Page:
Telling Stories about Failure

Telling Stories about Failure

I binge-watched the entire third season of Orange is the New Black. If you don’t know, it’s a TV series on Netflix about a women’s prison. Kind of a dramedy. The first couple of seasons were fun, but typical TV fodder–stories about peoples’ lives–their betrayals, loves, and ways of finding meaning in life. But in this season it seems like the writers doubled down and really went for it, making a serious statement about the for-profit prison industry in America. To me, this is the kind of writing that exemplifies why storytelling is important. Stories, told well, can make a statement without ever outright saying, “Here is what’s wrong with the world.”

Some people chose to write their memoirs in essay format–something I’m going to address in my blog on rubyperu.com today–but there isn’t any need to lecture when you can tell a story that helps people see the issues for themselves. It’s the classic example of “showing” rather than “telling.” The human brain enjoys figuring things out, and that’s a big reason why we love stories about people, no matter who they are. We see their lives and either see ourselves in them, which helps us realize that our problems are universal. ¬†We can also see other peoples’ lives and realize something about the world: in this case, how profoundly people are affected by a capitalistic approach to “correctional facilities”–something we may never have thought about before.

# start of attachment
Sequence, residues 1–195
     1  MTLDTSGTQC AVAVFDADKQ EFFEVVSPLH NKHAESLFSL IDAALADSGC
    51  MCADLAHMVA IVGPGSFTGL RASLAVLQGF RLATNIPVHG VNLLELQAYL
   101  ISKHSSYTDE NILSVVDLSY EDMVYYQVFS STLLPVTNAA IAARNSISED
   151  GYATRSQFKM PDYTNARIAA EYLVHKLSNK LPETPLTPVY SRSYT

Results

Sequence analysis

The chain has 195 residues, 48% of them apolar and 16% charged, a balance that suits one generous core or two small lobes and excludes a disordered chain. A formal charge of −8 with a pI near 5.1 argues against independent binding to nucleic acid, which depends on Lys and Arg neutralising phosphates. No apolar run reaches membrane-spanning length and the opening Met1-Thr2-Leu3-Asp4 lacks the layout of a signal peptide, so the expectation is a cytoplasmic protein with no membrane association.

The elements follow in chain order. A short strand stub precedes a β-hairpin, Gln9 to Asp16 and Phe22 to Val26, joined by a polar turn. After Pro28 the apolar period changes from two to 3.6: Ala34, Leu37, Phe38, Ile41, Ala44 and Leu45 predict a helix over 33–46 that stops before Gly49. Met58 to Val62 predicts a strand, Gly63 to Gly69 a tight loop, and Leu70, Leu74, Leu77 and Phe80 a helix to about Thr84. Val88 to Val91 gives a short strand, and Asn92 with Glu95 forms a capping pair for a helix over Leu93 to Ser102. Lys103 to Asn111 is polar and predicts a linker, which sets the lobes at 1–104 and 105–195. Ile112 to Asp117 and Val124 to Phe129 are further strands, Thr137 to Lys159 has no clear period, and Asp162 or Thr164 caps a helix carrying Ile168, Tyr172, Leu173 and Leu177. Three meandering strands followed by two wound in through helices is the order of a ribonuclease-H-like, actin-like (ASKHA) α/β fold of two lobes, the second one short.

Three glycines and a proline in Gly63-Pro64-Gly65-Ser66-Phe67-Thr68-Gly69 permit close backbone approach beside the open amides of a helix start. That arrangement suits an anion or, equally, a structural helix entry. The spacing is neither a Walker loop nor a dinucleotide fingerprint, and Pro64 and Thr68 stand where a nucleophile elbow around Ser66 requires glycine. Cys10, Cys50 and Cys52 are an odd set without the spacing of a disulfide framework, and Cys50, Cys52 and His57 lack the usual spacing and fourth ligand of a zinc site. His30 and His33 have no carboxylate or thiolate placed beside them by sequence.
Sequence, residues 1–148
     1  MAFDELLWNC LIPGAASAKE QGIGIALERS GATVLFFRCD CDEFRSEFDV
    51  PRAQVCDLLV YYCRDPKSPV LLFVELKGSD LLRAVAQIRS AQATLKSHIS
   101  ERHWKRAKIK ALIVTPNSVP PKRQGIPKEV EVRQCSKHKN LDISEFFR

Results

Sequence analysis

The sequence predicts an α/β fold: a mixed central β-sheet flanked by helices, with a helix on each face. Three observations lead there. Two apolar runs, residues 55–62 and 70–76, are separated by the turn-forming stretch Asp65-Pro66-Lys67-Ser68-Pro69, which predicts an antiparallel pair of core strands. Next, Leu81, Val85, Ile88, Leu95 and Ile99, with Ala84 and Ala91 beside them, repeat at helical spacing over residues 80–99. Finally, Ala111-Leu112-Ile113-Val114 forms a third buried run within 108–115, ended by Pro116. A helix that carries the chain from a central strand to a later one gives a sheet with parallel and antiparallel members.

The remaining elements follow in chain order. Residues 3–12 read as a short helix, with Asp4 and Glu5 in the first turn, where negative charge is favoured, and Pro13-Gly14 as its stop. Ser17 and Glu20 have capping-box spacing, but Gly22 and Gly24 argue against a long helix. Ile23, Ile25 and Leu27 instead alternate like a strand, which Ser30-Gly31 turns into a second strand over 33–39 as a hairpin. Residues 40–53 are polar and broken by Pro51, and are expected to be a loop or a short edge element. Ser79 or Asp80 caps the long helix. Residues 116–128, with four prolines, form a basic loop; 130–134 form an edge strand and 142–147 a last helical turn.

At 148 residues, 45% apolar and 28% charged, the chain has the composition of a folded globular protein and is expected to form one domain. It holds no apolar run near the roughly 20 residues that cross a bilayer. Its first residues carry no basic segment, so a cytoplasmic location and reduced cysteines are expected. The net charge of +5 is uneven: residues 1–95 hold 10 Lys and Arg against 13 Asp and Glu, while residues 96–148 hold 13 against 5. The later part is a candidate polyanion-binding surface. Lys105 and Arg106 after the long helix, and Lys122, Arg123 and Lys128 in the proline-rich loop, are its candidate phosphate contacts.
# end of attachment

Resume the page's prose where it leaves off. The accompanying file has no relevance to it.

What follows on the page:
The writers on this show don’t have to have a character stand up and give a speech about the immorality of profiting from others’ misfortune–that would be so obnoxious–they simply show these peoples’ lives and you get it. The characters’ lives could be portrayed a million different ways, but the way the story is told, using a particular viewpoint, you get the story from the angle they intend. You are influenced to understand the world from a certain perspective, because of the perspective used to tell the story. This is the power of stories. And, memoir ghostwrtiing clients and potential clients–this is the reason why you don’t need to insert an essay or speech into your story to make your point. And, this is why your unique story and viewpoint is interesting to people, even if you’re not famous or highly accomplished. Orange is the New Black illustrates how a story about failure can be just as hard hitting to the reader (or watcher) as a story about success.

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